The strange story of Dora Rathjen-Hitler's favorite athlete and ... manPictolic
Nowadays, in big sports, sometimes there are questions to athletes who are suspected of being men. Modern scientists are well aware that primary and sometimes secondary sexual characteristics do not always accurately determine gender. But at the beginning of the 20th century, no one went into such details, so Dora Rathjen-a German track and field athlete and the favorite of the Fuhrer, being intersex, as close as possible to a man, set world records as a woman.
German Dora Rathjen left a serious mark on world sports in the first half of the last century. In 1936, at the Olympic Games in Germany, she finished fourth in the high jump, and in 1938 set a world record. Dora became an example for all the German people and Adolf Hitler called her his favorite athlete.
The Fuhrer repeatedly cited Dora Rathjen as an example of the true representative of the Aryan race and liked to rant about it, proving the superiority of German women over all others. Hitler was waiting for an incredible embarrassment when it turned out that Dora was not a woman at all, but a guy named Heinrich. But all in order.
Dora Rathjen was born in 1918 in the German city of Bremen in a very poor family. It is known that at birth, doctors were unable to determine the sex of the child, but parents were advised to raise the baby as a girl. Dora's father, Heinrich Rathjen, recalled that the midwife first congratulated him on the birth of his son, but after five minutes apologized and said that he had become the father of the girl.
Looking at the child's genitals, it was difficult to come to an unambiguous decision and the parents had doubts. But then they decided to trust the experience of doctors and still named the child Dora and began to raise as a girl. The child was dressed in dresses and skirts, and when the time came, they were sent to a girls ' school.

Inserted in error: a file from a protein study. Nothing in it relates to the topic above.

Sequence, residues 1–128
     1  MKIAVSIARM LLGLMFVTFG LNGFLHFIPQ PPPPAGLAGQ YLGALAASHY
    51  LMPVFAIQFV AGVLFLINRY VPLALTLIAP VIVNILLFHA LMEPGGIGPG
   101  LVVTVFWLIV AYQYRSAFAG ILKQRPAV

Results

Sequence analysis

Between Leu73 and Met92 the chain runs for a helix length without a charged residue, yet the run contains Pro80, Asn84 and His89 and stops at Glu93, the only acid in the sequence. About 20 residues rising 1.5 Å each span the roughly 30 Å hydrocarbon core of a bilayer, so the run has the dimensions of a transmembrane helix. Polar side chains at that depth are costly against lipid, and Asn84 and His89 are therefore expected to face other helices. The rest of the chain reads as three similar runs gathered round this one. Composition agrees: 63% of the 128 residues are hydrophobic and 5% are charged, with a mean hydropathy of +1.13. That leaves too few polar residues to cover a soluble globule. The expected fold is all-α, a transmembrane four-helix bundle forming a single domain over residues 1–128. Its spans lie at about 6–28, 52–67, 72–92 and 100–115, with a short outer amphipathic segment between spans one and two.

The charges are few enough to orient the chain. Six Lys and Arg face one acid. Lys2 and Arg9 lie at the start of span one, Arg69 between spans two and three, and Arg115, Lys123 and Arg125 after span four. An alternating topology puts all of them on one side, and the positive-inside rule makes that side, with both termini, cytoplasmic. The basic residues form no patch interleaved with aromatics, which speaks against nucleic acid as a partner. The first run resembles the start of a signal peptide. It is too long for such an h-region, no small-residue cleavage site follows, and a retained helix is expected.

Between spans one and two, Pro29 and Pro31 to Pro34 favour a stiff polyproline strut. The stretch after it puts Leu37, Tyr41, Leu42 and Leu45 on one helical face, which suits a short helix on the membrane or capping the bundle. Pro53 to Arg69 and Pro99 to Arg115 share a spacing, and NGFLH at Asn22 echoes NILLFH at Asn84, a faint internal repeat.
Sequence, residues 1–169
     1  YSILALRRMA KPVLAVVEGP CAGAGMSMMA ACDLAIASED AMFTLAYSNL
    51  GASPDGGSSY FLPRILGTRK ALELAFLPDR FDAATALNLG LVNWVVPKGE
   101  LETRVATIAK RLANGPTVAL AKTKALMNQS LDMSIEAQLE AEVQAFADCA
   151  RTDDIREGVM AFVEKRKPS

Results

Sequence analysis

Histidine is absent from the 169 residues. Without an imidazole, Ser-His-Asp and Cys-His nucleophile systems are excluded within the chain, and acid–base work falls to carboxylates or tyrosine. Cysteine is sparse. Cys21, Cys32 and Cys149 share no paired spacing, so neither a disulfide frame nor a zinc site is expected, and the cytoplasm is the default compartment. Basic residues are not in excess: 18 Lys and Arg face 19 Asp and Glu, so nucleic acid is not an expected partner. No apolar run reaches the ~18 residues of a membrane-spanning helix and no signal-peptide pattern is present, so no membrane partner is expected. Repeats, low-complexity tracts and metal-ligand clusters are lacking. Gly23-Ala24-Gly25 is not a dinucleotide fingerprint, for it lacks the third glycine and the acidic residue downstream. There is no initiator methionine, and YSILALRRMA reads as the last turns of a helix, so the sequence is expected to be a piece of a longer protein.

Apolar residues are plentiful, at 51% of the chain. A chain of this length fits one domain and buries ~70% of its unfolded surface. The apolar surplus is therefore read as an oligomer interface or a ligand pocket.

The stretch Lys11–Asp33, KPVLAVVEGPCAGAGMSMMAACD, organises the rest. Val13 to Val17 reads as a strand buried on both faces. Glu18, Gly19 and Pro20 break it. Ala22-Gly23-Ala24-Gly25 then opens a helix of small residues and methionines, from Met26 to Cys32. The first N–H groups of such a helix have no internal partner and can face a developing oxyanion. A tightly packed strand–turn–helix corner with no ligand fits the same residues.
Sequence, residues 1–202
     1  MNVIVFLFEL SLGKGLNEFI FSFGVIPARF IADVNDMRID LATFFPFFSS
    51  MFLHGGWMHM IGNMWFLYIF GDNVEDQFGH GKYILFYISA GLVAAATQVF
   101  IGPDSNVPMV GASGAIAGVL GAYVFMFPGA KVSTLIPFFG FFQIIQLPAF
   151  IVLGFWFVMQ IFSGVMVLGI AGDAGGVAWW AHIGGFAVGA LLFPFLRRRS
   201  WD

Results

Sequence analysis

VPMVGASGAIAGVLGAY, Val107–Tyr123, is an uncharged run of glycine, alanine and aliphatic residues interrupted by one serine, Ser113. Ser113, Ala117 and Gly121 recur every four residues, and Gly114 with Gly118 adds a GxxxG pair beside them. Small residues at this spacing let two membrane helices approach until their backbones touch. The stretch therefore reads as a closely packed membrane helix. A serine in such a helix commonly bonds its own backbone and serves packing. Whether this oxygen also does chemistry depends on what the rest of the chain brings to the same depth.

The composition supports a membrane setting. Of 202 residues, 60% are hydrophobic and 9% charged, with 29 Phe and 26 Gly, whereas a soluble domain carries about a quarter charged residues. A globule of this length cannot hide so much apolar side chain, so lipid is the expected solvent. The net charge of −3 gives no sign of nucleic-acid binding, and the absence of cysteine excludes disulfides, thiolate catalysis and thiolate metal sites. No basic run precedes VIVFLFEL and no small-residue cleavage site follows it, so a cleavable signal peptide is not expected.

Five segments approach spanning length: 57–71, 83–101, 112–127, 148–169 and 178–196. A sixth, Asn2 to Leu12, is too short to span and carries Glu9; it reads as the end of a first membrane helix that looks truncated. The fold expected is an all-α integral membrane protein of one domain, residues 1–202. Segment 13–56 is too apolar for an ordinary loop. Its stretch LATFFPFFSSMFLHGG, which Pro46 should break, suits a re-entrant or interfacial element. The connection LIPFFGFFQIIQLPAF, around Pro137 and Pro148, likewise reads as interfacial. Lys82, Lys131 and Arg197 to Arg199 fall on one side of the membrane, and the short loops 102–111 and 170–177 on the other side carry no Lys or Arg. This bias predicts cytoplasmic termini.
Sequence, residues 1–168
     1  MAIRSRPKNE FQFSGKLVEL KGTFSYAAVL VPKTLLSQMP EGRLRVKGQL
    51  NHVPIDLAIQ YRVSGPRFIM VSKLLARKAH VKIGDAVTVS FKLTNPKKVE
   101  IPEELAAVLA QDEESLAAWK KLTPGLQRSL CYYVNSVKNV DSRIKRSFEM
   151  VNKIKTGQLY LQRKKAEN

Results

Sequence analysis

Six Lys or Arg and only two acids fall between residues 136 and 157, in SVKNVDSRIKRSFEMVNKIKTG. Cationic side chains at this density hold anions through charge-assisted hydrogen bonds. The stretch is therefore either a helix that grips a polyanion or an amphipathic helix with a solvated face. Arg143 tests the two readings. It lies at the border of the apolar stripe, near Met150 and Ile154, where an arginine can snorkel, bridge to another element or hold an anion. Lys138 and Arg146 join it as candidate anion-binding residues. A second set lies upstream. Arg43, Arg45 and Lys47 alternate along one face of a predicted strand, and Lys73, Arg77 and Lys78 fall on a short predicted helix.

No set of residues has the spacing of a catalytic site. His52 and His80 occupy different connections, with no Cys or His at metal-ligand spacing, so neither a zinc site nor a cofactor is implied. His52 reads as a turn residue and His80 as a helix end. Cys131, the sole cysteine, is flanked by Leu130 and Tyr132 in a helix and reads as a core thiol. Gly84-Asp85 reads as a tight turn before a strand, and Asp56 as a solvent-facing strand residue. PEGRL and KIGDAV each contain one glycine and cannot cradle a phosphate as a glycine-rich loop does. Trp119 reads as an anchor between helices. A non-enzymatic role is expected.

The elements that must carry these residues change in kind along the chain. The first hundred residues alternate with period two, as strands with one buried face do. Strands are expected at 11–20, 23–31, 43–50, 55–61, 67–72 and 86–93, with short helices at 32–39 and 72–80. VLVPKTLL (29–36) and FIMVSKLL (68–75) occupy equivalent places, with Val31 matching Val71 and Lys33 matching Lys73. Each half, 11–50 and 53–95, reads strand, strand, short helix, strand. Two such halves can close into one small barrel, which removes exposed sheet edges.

In high school, Dora, torn by doubts and contradictions, found an outlet in sports and began to seriously engage in athletics. She easily defeated her peers and even older girls in running and jumping, as she was physically stronger than them and had amazing agility.
By the age of 16, in 1934, Rathjen had won the Lower Saxony High Jump Championship and thus attracted the attention of the coaches who selected athletes for the Olympic Games. In 1935, it became quite clear that the best candidate for the women's national team could not be found and Dora began to prepare for the Olympic debut.
Opening of the Olympic Games-36 in Berlin
If Rathjen was doing just fine in sports, then Dora's personal life was like a nightmare. Among the boys, a girl with a rough voice and unladylike features caused only ridicule, and on the street passers-by stopped to look at her. After puberty, hair began to grow on the face and legs of the athlete and it took a lot of time and effort to fight them.